WILLIAM B. WOLF. He says he practices law "24 hours a day, seven days a week," but he has found the time to enter into real estate and business ventures with Mel Lenkin . . . buying into Security National Bank and a few office buildings, including 1001 Connecticut Avenue and 1900 M Street.

Appellant brought suit alleging that the research done by the Regardie's staff in preparing the articles "intentionally and maliciously intruded on [his] private affairs and concerns . . . in willful disregard for [his] rights to privacy, seclusion, and to be let alone." After protracted discovery, appellees moved for summary judgment. The trial court granted the motion on April 30, 1987. This appeal followed.


In reviewing the propriety of an order granting a motion for summary judgment, we embark upon an independent examination of the record. Holland v. Hannan, 456 A.2d 807, 814 (D.C. 1983). Consequently, our standard of review is identical to the trial court's standard for initially considering the motion: summary judgment is properly entered if there exists no genuine issue of material fact and the movant is entitled to judgment as a matter of law. Nader v. de Toledano, 408 A.2d 31, 42 (D.C. 1979), cert. denied, 444 U.S. 1078, 100 S.Ct. 1028, 62 L.Ed.2d 761 (1980); Super.Ct. Civ.R. 56(c).3

It falls to the movant first to demonstrate the absence of any factual issue from which the jury could find for the nonmoving party. Nader, supra, 408 A.2d at 42. However, the nonmoving party has a concomitant duty, in responding to the motion, to "set forth specific facts showing that there is a genuine issue for trial." Super.Ct.Civ.R. 56(e). In response to appellees' motion for summary judgment, appellant filed a "Statement of Material Facts as to Which Exist Genuine Issues to Be Litigated." Presumably he sought to oppose appellees' motion "by alleging the existence of a material factual dispute for trial." Williams v. Gerstenfeld, 514 A.2d 1172, 1176 (D.C. 1986). In our review of the record, however, we discern no disputed issue of material fact.4 We thus turn to examine the only remaining issue — whether there exists a legal theory entitling appellant to judgment. See Williams, supra, 514 A.2d at 1177; Nader, supra, 408 A.2d at 42.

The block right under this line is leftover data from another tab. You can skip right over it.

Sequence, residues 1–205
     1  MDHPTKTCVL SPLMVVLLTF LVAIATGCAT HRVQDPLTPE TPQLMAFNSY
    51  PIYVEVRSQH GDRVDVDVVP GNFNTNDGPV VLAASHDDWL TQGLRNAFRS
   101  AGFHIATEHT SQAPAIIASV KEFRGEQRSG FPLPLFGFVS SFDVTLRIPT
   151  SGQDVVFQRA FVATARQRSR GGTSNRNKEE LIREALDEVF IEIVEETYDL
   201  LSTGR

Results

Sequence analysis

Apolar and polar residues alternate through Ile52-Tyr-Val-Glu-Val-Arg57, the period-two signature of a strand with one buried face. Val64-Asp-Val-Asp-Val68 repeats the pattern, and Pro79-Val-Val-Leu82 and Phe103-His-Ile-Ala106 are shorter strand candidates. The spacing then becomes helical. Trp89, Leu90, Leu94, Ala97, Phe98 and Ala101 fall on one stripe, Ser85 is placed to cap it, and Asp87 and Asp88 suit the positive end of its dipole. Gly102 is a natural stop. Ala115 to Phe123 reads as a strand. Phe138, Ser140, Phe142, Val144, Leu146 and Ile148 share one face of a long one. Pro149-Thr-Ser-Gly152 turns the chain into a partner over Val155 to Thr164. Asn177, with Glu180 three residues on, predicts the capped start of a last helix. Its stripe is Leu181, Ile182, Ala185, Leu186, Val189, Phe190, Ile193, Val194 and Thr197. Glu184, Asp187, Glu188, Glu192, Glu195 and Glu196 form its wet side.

Invasion of privacy is not one tort, but a complex of four, each with distinct

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elements and each describing a separate interest capable of being invaded.5 The four constituent torts are (1) intrusion upon one's solitude or seclusion; (2) public disclosure of private facts; (3) publicity that places one in a false light in the public eye; and (4) appropriating one's name or likeness for another's benefit. Vassiliades v. Garfinckel's, Brooks Bros., 492 A.2d 580, 587 (D.C. 1985); see RESTATEMENT, supra note 5, § 652A.6 Appellant contends only that the two Regardie's publications intruded upon his seclusion and gave publicity to his private life. Consequently, we restrict our discussion to these two issues.


The foundation upon which appellant has built his assertion that Regardie's intruded upon his seclusion is the RESTATEMENT, supra note 5, § 652B, which states:

One who intentionally intrudes, physically or otherwise, upon the solitude or seclusion of another or his private affairs or concerns, is subject to liability to the other for invasion of his privacy, if the intrusion would be highly offensive to a reasonable person.

See W. KEETON, PROSSER AND KEETON ON THE LAW OF TORTS § 117, at 854-56 (5th ed. 1984); see generally Comment, The Emerging Tort of Intrusion, 55 IOWA L.REV. 718 (1970). The tort of intrusion upon seclusion has three elements: (1) an invasion or interference by physical intrusion, by use of a defendant's sense of sight or hearing, or by use of some other form of investigation or examination, see RESTATEMENT, supra note 5, § 652B, comment (b); (2) into a place where the plaintiff has secluded himself, or into his private or secret concerns, see id.; Corcoran v. Southwestern Bell Telephone Co., 572 S.W.2d 212, 214-15 (Mo.Ct.App. 1978); Nelson v. Maine Times, 373 A.2d 1221, 1223 (Me. 1977); (3) that would be highly offensive to an ordinary, reasonable person, see DeAngelo v. Fortney, 357 Pa.Super. 127, 130, 515 A.2d 594, 595 (1986); RESTATEMENT, supra note 5, § 652B, comment (d). Unlike some other types of invasion of privacy, intrusion does not require as an essential element the publication of the information obtained, RESTATEMENT, supra note 5, § 652B, comment (a), see Pearson v. Dodd, 133 U.S.App.D.C. 279, 282, 410 F.2d 701, 704, cert. denied, 395 U.S. 947, 89 S.Ct. 2021, 23 L.Ed.2d 465 (1969); Fowler v. Southern Bell Tel. & Tel. Co., 343 F.2d 150, 152 (5th Cir. 1965); nor does the subject matter of that information necessarily control when fixing liability, Pearson, supra, 133 U.S.App.D.C. at 283, 410 F.2d at 705. In fact, the acquisition of information is not a requisite element of a § 652B cause of action. See Phillips v. Smalley Maintenance Services, Inc., 435 So.2d 705, 709 (Ala. 1983). Rather, it is the nature of the intrusion which initially...